Surgeons perceive the most important roles for the internist as cardiac risk stratification and medication management. Areas of controversy identified amongst the surgeons included who should inform the patient of their operative risk, and whether the internist should follow the patient daily postoperatively. Unclear expectations have the potential to impact on patient safety and informed consent unless acknowledged and acted on by all. We recommend that internists performing perioperative consults communicate directly with the consulting physician to ensure that all parties are in accordance as to each others duties. We also recommend that the teaching of perioperative consults emphasizes the interdisciplinary communication needed to ensure that patient needs are not neglected when one specialty assumes the other will perform a function.
Notes
Cites: Neth J Med. 2000 Jan;56(1):7-1110667035
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Cites: Circulation. 1996 Mar 15;93(6):1278-3178653858
Cites: Ann Intern Med. 1997 Aug 15;127(4):309-129265433
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Cites: Circulation. 1999 Sep 7;100(10):1043-910477528
Cites: Can J Anaesth. 2005 Aug-Sep;52(7):697-70216103381
Cites: J Gen Intern Med. 2002 Dec;17(12):933-612472929
PubMed ID
18208614 View in PubMed
Less detail

Assessment and reporting of perioperative cardiac risk by Canadian general internists: art or science?

https://arctichealth.org/en/permalink/ahliterature187449
Source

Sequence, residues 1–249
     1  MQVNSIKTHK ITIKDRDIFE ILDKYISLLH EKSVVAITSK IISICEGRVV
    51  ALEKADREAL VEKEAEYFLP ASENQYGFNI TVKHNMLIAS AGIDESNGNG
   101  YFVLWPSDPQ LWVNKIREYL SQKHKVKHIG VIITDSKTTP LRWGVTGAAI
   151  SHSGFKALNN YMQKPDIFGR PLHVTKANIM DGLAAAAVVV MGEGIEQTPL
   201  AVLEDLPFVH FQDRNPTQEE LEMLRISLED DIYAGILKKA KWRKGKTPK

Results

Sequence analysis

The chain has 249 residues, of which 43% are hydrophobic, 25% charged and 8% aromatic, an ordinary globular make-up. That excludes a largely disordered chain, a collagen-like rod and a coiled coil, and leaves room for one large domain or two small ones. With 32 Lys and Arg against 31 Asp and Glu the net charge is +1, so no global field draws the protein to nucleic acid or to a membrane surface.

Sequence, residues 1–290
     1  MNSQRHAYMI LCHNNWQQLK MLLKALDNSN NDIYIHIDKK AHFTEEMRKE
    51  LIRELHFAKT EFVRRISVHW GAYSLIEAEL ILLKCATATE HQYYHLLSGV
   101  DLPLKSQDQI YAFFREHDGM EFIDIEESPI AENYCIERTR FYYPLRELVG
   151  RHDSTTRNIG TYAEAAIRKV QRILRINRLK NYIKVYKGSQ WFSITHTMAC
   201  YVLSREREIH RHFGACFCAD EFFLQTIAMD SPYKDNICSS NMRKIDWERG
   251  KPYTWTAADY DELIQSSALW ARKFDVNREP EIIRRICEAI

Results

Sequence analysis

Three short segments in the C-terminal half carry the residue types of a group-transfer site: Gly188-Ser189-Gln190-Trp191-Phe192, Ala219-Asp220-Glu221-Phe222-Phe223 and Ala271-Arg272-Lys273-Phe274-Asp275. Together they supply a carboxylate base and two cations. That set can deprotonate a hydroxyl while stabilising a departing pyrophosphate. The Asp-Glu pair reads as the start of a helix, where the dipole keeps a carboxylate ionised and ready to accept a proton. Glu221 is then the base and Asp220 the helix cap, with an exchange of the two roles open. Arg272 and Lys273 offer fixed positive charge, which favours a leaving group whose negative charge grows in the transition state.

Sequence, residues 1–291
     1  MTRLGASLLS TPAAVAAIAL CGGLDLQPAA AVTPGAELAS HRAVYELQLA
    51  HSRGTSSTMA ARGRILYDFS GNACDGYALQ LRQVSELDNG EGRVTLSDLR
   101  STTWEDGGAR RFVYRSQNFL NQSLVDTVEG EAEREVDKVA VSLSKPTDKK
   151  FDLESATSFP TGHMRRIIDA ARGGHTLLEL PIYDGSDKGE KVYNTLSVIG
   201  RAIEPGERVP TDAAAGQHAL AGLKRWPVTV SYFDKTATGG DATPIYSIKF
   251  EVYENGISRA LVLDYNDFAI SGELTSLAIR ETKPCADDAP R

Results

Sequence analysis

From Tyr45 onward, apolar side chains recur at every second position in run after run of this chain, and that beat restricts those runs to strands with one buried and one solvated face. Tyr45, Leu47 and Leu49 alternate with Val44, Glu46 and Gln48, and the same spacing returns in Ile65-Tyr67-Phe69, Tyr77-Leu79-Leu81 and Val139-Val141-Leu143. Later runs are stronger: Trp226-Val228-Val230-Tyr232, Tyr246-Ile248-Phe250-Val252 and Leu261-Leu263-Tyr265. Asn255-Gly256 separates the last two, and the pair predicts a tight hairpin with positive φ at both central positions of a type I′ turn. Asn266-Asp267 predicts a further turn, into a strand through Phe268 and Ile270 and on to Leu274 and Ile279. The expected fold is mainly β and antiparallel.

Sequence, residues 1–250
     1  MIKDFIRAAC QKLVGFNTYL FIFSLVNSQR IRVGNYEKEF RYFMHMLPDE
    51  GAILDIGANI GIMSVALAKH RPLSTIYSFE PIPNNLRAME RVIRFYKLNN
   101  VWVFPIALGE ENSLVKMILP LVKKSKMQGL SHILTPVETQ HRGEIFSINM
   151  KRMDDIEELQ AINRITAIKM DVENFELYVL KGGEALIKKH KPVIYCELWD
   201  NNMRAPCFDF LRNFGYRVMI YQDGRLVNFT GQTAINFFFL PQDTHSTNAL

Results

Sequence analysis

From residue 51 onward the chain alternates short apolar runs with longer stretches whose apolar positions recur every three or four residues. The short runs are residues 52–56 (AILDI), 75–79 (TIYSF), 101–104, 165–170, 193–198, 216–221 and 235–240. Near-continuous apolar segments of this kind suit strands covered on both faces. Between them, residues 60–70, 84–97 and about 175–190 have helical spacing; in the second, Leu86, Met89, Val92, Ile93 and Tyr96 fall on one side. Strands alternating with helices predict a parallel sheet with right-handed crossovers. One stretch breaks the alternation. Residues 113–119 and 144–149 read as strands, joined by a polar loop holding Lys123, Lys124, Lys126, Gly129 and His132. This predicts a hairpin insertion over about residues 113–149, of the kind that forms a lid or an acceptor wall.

J Gen Intern Med. 2002 Dec;17(12):933-6
Publication Type
Article
Date
Dec-2002
Author
Taha Taher
Nadia A Khan
P J Devereaux
Bruce W Fisher
William A Ghali
Finlay A McAlister
Author Affiliation
Division of General Internal Medicine, University of Alberta, Edmonton, Alberta, Canada.
Source
J Gen Intern Med. 2002 Dec;17(12):933-6
Date
Dec-2002
Language
English
Publication Type
Article
Keywords
Canada
Cross-Sectional Studies
Female
Health Care Surveys
Heart Diseases - surgery
Humans
Intraoperative Complications
Male
Middle Aged
Perioperative Care
Physicians
Risk assessment
Risk factors
Abstract
Physicians may use several validated risk indices to estimate perioperative cardiac risk, but there is little evidence for interventions to reduce this risk. We were interested in evaluating how general internists assess, define, communicate, and attempt to modify perioperative cardiac risk.
Cross-sectional survey of all 312 general internists in the Canadian Society of Internal Medicine with Canadian mailing addresses; 117 (38%) responded.